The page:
You’ll receive a trip map after your expedition, outlining the landing sites you visited.
When we got back to our room to change, I just remember this look of complete dread coming over Amanda. “But… but I’m WARM!” she protested. My stomach was an empty pit; I mean, I swear I felt it fall right through the floor, into the engine rooms below.
By the time we talked ourselves back into taking the plunge and made our way to the exit, we were near the end of the line. One after another, our shipmates marched out the door, each one looking more terrified than the last. But as they came in and circled back past us in the lineup, we saw that they were ecstatic!
As we got closer to the door, we could hear cheering from the expedition team below and passengers gathered on the upper decks. The energy changed from anxiety to exhilaration as we approached the door. Music was bumping and expedition team members gave high octane pep talks to those about to plunge themselves into this little corner of the Southern Ocean.
Passengers came back in screaming at the top of their lungs in celebration. Amanda was ready first, and I couldn’t believe how she just went for it after how awful she’d felt about it back in our room!
A passenger takes the Polar Plunge from the Ocean Endeavour in Feb, 2016. Photo: Simon Bottomley
The staff did such a great job of getting us pumped up, and they take safety so seriously you know you can let go of those fears and just take the plunge. Guides in survival gear circle the area by Zodiac, while two others clip you into a harness to ensure they can pull you back in if you’re overcome with cold.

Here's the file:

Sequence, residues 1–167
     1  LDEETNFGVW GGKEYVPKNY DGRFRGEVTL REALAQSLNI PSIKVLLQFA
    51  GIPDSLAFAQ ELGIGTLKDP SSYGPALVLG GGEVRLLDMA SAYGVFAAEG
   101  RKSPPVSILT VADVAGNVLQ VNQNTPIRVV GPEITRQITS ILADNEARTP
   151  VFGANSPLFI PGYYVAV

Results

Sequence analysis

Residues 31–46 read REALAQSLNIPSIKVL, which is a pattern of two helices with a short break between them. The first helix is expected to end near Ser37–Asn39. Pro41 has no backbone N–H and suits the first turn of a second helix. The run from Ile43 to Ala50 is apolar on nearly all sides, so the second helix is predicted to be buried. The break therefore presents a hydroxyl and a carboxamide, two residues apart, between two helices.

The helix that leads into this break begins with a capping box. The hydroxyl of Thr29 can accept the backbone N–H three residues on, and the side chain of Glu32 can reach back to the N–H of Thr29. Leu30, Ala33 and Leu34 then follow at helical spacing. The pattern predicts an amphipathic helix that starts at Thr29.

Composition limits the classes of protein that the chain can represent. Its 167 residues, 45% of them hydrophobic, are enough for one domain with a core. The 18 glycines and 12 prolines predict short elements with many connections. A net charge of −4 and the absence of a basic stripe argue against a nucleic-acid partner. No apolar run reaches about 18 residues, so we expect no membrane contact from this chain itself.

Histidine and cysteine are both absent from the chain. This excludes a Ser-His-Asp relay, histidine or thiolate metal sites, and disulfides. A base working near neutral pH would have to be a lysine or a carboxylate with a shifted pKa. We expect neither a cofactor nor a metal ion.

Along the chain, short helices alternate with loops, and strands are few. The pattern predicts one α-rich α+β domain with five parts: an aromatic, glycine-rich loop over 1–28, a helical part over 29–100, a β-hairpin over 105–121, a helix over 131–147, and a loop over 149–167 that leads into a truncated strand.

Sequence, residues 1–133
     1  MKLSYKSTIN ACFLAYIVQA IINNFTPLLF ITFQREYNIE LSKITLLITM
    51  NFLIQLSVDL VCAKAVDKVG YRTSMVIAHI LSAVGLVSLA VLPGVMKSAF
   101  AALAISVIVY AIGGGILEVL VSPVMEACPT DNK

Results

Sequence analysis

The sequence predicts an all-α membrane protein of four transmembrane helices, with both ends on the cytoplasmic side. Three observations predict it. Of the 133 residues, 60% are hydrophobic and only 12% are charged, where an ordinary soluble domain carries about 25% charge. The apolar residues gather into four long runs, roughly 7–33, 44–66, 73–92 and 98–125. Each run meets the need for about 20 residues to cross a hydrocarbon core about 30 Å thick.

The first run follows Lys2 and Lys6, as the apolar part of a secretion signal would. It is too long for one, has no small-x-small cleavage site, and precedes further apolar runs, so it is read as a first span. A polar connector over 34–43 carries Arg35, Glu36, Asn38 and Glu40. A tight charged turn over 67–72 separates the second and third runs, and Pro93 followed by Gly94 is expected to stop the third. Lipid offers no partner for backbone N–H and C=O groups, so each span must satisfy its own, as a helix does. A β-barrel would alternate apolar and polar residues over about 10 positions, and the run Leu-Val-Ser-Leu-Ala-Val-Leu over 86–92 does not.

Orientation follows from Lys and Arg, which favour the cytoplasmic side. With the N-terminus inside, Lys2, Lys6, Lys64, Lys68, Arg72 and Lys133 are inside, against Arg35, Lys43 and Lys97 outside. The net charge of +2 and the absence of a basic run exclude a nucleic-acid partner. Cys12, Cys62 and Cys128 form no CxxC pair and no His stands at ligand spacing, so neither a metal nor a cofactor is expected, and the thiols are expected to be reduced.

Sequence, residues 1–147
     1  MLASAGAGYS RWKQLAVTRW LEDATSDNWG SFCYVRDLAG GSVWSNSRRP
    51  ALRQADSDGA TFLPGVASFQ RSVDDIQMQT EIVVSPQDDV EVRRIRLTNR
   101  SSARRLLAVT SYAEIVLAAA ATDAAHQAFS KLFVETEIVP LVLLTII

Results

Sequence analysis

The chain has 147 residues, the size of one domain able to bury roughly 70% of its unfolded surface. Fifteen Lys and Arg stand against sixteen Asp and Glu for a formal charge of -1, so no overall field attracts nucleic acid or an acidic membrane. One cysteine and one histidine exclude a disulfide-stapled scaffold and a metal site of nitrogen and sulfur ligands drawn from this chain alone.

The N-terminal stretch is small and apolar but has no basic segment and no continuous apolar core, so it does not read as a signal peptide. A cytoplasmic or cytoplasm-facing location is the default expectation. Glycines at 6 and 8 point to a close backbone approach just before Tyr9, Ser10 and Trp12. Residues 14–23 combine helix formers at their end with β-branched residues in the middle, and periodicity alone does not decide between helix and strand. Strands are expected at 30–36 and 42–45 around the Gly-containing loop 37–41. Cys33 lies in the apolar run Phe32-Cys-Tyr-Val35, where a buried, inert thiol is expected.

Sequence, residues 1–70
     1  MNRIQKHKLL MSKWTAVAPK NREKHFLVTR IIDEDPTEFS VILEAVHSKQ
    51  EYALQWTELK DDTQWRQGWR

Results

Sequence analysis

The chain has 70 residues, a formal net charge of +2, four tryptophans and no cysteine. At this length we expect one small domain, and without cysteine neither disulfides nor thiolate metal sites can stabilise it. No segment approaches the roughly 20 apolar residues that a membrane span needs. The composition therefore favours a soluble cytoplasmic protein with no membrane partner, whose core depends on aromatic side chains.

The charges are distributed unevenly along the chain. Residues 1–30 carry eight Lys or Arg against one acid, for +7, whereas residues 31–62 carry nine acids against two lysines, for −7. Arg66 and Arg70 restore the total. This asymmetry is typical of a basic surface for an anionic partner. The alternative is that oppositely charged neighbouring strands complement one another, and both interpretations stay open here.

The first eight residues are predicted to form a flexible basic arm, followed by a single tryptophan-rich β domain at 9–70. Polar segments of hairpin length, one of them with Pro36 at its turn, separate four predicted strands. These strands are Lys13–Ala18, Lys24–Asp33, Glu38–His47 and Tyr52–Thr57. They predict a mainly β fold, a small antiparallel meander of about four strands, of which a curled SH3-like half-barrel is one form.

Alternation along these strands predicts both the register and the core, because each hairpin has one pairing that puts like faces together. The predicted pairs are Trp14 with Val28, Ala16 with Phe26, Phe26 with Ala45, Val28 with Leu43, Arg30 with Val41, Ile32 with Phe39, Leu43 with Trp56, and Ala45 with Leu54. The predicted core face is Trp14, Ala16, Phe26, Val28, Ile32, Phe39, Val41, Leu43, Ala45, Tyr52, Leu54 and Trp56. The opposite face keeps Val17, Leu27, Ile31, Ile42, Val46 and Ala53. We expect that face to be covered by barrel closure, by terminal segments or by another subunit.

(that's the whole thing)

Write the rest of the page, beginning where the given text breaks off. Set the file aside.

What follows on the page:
So many things raced through my head as I cannonballed into that frigid ocean…
Is that a whale below me or a shadow?
What's cooler than being cool? ICE COLD.
Alright alright alright, I shouldn't have picked a cannonball as now I am 10 feet under Antarctic water.
And then I was out. I did it. We did it!
The few terrified-looking passengers left to jump high-fived me on the way past; some jogging up and down to get pumped up, others wide-eyed and completely still, clearly still trying to talk themselves into it.
Camping on the 7th continent was, to that point, one of the best travel experiences either of us had ever had. While Amanda will still tell you that night we spent in bivvy bags under the Antarctic sky was her trip’s defining moment, taking the Polar Plunge was mine.
Craig Shaw and Amanda Wells exploring the 7th continent, December 2016. Photo credit: Craig Shaw.
It was an unforgettable experience we shared not only with each other, but with such a diverse group of people--solo travelers, moms and daughters, other couples, groups of lifelong friends. We met people from India, Israel, Australia all over Europe and the United States on our trip.
And one by one, we literally threw ourselves into the frigid Southern Ocean and came back out energized and renewed.
My best advice, if you’re on the fence about taking the Polar Plunge, is to go for it! Have fun with it, like these travelers did: